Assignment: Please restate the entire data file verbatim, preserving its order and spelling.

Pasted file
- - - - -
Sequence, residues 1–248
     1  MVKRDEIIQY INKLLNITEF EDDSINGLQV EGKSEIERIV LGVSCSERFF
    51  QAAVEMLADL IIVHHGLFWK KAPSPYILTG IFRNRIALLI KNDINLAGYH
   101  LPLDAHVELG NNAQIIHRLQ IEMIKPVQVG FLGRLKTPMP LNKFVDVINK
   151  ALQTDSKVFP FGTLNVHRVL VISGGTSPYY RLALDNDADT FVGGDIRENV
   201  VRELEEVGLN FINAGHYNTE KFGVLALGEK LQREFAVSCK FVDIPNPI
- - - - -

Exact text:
Sequence, residues 1–248
     1  MVKRDEIIQY INKLLNITEF EDDSINGLQV EGKSEIERIV LGVSCSERFF
    51  QAAVEMLADL IIVHHGLFWK KAPSPYILTG IFRNRIALLI KNDINLAGYH
   101  LPLDAHVELG NNAQIIHRLQ IEMIKPVQVG FLGRLKTPMP LNKFVDVINK
   151  ALQTDSKVFP FGTLNVHRVL VISGGTSPYY RLALDNDADT FVGGDIRENV
   201  VRELEEVGLN FINAGHYNTE KFGVLALGEK LQREFAVSCK FVDIPNPI